Sellside FX e-trading technology spend for investment banks, except those in the Tier I camp, is moving towards buying vendor provided offerings rather than building their own home grown solutions,in order to be more competitive in the face of a rapidly changing FX market structure, according to a new report from Greyspark Partners – Buyer’s Guide: Sellside FX E-trading Solutions 2020
The report found by 2023, 21% of Tier II banks expect to buy, up from 17% in 2018 while more notably, the figure is 36% for those on the Tier III rung compared to 28% during the same time frame
Russell Dinnage, manag
ing consultant, capital markets intelligence practice and author of the report, attributes the change in behaviour to the growth in the electronification of dealer-to-client (D2C) execution processes and workflows as well emerging or niche markets on a currency or product basis.
He notes t
hat unlike cash equities and fixed income, the FX trading technology landscape lacks a dominant player, Instead, it is characterised by a wide array of different fintech vendors competing for a constrained amount of client wallet.
Together with “the shift from a preference for pure in-house built technology to include increasing amounts of vendor technology going forward, the current equipment phase drives a tumultuous market landscape in which vendors compete both on functionality and price,” adds Dinnage.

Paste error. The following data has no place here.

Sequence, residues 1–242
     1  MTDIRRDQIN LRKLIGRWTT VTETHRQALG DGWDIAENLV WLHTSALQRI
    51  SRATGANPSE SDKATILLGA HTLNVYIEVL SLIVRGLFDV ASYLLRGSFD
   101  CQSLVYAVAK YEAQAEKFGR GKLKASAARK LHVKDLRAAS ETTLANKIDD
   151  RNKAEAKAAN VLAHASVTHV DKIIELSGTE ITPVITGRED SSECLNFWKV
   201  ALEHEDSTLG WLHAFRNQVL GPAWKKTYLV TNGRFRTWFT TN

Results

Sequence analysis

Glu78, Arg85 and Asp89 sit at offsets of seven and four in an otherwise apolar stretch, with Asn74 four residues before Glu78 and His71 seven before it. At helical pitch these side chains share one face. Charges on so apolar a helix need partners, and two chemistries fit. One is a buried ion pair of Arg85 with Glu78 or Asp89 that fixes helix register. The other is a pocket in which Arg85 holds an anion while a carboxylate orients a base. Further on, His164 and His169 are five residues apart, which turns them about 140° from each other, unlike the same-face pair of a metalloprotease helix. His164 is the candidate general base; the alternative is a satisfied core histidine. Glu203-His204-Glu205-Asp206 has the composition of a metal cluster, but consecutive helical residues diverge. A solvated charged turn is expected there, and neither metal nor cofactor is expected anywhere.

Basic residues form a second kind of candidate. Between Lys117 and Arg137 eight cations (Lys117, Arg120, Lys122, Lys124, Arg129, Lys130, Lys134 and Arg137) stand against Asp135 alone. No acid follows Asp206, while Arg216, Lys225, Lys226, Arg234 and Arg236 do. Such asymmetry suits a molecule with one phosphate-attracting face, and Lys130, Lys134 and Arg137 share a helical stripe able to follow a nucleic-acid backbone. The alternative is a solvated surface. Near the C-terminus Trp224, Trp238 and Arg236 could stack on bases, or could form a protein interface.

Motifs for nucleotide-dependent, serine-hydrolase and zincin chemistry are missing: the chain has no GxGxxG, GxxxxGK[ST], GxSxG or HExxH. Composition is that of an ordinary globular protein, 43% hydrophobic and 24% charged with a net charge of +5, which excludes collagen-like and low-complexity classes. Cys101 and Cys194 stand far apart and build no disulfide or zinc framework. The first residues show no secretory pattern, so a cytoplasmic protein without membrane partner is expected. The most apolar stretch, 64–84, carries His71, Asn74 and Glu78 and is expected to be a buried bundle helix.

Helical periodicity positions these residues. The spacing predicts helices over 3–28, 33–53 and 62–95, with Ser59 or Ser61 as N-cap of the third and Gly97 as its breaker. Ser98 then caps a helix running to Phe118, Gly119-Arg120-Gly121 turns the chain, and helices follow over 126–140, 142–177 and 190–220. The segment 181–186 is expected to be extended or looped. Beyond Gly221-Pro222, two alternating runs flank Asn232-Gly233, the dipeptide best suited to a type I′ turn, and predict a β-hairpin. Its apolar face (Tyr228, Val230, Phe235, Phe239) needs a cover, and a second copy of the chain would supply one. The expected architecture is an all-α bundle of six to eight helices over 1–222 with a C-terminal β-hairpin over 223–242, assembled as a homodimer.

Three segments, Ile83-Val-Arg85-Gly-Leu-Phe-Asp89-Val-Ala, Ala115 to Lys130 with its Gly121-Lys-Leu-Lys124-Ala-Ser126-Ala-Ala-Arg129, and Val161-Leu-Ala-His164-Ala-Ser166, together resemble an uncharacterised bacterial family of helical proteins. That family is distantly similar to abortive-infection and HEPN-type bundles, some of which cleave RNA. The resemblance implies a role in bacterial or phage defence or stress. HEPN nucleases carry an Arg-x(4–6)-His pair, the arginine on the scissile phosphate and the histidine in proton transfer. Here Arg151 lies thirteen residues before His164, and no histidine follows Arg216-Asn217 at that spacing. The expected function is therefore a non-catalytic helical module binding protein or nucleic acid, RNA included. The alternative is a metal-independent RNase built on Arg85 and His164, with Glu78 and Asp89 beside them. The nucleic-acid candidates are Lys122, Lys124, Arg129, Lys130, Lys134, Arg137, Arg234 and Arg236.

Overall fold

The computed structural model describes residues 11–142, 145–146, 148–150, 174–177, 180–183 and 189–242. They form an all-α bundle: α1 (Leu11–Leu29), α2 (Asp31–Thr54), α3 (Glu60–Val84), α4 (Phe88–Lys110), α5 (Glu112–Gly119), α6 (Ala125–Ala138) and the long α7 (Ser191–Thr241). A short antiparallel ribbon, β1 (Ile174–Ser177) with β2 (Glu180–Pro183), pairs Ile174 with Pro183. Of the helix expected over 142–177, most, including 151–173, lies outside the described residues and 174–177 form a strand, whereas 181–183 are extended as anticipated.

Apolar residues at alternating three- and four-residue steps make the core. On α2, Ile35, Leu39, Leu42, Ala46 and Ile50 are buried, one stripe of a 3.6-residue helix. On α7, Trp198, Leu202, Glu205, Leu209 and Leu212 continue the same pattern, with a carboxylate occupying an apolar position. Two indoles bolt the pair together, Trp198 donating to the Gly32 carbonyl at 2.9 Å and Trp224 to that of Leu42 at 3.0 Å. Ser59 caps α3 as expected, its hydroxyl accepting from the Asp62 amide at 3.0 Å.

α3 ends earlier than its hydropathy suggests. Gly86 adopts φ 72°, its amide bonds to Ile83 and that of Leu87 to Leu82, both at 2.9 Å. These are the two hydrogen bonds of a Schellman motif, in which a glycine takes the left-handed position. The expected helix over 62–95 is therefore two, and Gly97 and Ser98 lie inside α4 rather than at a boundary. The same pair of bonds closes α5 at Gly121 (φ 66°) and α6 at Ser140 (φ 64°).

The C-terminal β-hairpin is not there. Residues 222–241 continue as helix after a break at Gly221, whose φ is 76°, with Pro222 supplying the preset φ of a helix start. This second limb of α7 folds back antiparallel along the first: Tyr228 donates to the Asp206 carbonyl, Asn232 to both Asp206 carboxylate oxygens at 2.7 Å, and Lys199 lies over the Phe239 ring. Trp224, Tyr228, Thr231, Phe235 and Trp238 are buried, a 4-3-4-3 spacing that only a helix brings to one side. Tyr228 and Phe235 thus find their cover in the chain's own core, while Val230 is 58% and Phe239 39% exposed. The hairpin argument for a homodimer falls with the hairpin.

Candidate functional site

The report also shows that the vendor community is shrinking as the larger plays aim to carve out larger market shares. For example, the past two years has seen Ion Group purchase Aphelion, Market Factory, and the FX components of Broadway Technology, pending regulatory approval. Meanwhile, Broadway bought Barracuda FX while State Street acquired BestX and Northern Trust purchased Bex.
The activity ha
s made vendor technology more attractive from a cost perspective and in total, GreySpark estimates that there are around 400 clients globally who spend above $1m annually on FX e-trading platforms across front-, middle- and back-office functions.
The report also documents the long-running changes to the structural dynamics of the cash FX market over the past three years which has led to a divergence of approaches within different types of institutions on how best to capitalise on opportunities to consolidate or rationalise hybrid in-house built / vendor-provided technology stacks.
It points to developments such as the growth in agile, new, FX trading-centric solutions that have challenged the incumbents that historically developed FX components as bolt-ons to cash equities or fixed income OMS / EMS offerings.
Moreover, the popularity of component and modular based architecture and designs led to commoditisation in key areas of the sellside FX e-trading stack.